On February 10, 2021 the FCJ annulled a decision by which the Schleswig Court of Appeal (“SCA”) had denied jurisdiction over the injunction claims of Hotel Wikingerhof’s (“Wikingerhof”) against the Dutch hotel booking platform operator Booking.com and remanded the case back to the SCA.
Wikingerhof sought an injunction against certain practices relating to the contract between the parties, which Wikingerhof argued they had been forced to agree to due to the dominant market position of Booking.com in the brokerage of hotel services, which violated German competition law. After the Kiel Regional Court decided that, according to the rules of the Brussels Ibis Regulation on jurisdiction in civil and commercial matters, only Dutch courts had jurisdiction over the case, Wikingerhof appealed this decision.
The FCJ referred the case to the CJEU for a preliminary ruling, seeking guidance on the age- old question of where to draw the line between special jurisdiction for contract and tort if the two parties are bound by a contract but the claim is not strictly-speaking based on it. The CJEU found that the claim had to be qualified as non-contractual as it concerned the breach of an obligation imposed by law. It does not appear requisite to examine the content of the contract concluded with the defendant to assess whether the conduct of which the latter is accused is lawful or unlawful, the CJEU found, since that obligation applies to the defendant independently of that contract.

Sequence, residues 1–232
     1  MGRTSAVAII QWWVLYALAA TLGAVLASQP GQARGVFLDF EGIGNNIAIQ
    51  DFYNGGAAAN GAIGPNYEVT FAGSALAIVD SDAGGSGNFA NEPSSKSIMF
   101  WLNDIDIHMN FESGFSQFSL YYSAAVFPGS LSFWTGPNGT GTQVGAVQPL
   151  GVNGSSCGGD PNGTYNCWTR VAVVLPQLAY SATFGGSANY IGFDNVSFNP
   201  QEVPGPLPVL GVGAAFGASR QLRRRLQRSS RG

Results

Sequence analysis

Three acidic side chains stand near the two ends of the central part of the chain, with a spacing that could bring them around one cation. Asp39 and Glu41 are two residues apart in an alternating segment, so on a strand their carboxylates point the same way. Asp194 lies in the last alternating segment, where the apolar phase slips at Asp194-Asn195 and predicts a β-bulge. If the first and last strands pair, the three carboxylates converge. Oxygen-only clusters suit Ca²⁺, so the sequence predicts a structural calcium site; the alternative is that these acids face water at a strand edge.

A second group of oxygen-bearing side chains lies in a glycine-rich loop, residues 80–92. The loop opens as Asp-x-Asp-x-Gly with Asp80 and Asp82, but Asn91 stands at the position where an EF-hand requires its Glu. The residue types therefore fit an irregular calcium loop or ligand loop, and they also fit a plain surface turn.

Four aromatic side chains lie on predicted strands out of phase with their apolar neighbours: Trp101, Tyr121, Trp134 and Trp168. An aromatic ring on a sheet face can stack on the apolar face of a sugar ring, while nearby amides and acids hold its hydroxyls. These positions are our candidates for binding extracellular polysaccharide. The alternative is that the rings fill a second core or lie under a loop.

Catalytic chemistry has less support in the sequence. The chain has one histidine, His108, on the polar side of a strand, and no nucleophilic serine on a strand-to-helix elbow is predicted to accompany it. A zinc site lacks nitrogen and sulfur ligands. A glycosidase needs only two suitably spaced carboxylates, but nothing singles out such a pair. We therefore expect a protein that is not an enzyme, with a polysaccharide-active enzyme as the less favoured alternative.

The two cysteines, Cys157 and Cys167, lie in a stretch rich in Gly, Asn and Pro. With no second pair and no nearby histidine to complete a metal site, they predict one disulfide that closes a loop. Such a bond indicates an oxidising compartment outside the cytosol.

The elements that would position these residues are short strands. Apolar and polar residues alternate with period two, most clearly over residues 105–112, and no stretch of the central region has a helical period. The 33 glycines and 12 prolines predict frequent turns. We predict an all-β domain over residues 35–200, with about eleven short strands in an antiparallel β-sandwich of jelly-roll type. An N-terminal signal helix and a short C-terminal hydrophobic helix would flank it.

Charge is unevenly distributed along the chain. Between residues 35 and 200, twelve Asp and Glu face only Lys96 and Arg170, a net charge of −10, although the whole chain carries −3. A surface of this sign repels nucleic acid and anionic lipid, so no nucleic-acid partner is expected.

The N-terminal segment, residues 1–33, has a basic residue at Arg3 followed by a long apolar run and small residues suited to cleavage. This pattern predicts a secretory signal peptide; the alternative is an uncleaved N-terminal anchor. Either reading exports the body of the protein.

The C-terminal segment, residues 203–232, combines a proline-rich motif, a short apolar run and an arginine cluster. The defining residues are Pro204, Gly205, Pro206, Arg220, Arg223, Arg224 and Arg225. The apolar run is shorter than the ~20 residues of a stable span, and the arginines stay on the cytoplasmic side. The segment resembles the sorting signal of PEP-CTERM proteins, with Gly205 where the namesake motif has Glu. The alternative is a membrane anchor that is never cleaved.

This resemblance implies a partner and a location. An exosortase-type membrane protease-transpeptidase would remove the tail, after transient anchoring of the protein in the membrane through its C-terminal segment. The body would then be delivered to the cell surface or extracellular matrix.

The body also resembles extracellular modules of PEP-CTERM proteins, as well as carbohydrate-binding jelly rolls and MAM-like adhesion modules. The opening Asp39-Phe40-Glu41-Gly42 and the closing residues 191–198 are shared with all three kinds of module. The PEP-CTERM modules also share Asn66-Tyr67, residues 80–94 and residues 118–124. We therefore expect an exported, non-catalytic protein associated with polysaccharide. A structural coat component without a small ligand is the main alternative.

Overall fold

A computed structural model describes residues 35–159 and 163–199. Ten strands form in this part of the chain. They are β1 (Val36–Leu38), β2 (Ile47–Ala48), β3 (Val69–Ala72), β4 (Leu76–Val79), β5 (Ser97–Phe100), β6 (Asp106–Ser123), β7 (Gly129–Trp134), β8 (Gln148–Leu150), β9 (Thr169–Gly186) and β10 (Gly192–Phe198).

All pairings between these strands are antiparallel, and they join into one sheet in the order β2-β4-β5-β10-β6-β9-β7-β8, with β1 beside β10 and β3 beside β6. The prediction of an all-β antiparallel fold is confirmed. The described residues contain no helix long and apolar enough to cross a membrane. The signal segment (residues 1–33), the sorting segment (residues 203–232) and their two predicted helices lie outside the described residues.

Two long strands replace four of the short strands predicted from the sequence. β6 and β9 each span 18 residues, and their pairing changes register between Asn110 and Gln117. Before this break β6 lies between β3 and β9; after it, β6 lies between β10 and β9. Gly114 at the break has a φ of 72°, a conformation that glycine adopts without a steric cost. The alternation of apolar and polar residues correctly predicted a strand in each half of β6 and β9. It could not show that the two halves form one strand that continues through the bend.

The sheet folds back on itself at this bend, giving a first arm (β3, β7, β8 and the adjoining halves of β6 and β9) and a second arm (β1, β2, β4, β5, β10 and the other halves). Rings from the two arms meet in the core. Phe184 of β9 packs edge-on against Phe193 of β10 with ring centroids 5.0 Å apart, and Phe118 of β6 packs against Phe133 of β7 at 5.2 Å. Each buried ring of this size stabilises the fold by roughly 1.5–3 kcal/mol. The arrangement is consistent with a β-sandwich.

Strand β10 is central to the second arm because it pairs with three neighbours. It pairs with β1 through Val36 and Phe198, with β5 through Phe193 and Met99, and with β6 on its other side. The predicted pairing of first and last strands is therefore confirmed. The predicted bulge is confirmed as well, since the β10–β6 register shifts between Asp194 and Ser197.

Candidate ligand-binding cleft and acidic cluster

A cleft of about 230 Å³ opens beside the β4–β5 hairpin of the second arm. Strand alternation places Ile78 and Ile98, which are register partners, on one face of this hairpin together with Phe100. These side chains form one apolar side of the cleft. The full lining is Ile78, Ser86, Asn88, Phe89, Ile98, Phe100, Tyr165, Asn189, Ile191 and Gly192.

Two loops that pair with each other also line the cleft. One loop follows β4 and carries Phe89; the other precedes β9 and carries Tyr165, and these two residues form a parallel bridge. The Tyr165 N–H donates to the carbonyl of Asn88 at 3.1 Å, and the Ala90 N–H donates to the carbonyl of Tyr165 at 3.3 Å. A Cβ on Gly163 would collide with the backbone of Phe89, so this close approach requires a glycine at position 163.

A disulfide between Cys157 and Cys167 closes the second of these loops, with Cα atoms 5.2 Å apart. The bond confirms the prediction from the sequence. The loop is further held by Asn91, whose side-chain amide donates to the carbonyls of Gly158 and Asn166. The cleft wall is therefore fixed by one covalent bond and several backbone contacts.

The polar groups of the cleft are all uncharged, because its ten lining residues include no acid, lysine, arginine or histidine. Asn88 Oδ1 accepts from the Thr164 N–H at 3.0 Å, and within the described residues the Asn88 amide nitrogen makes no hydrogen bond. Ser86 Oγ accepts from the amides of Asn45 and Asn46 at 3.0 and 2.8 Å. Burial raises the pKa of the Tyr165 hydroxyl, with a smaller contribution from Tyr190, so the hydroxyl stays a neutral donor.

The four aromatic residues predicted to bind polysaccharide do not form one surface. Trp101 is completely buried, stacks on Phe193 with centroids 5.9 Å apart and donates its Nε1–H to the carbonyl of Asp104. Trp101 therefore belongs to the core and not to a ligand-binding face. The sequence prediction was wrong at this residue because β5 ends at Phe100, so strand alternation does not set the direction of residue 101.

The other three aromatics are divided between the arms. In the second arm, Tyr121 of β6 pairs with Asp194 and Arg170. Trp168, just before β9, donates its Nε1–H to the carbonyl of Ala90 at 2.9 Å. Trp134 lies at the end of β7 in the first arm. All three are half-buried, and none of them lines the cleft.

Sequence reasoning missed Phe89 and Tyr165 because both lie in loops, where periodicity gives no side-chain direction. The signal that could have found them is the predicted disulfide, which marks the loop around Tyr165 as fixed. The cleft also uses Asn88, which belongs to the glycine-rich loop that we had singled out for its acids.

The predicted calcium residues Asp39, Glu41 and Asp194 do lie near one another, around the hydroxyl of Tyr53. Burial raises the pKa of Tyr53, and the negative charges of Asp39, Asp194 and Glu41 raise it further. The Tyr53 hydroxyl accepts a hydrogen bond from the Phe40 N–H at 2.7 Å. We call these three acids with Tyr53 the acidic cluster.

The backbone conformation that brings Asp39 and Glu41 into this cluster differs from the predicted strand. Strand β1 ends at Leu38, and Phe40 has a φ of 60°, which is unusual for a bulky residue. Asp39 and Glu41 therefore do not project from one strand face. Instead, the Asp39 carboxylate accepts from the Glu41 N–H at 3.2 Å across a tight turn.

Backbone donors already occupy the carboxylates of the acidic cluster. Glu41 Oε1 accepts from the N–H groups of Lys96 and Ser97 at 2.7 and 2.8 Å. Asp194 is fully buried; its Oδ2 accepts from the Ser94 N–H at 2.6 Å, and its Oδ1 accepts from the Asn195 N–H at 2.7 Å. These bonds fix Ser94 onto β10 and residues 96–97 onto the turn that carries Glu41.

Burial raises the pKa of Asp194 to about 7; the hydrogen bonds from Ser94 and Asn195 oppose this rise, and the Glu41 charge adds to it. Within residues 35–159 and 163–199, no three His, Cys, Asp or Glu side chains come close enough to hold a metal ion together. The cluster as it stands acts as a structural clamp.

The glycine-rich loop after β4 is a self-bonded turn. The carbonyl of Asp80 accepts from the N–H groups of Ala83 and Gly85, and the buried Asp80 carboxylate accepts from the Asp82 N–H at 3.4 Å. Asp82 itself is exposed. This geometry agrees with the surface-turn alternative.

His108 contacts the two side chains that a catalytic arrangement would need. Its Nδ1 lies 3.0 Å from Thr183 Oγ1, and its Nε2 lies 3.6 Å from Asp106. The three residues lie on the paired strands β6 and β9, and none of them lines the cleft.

Consequently, the FCJ decided that, in the present case, the Brussels Ibis Regulation’s rules on jurisdiction in matters relating to tort, delict or quasi-delict can also be opened if it can be considered that the allegedly abusive conduct complies with the provisions of a contract existing between the parties. Based on these rules, a person domiciled in a Member State may be sued in another Member State in the courts for the place where the harmful event occurred or may occur.
The FCJ further held that a jurisdiction clause contained in the terms and conditions of Booking.com, according to which the court at its registered office has jurisdiction over disputes arising from the contractual agreement, would only cover claims for abuse of a dominant position if there were clear indications that the contracting parties intended to extend the material scope of the choice of forum agreement to such non- contractual claims. In the FCJ’s view, this was not the case here.
It remains to be seen whether the decision will encourage “forum shopping” in the form that claimants in the future will increasingly sue for claims that are actually contractual in a tort forum by alleging that the defendant also violated a statute and thus committed a tort.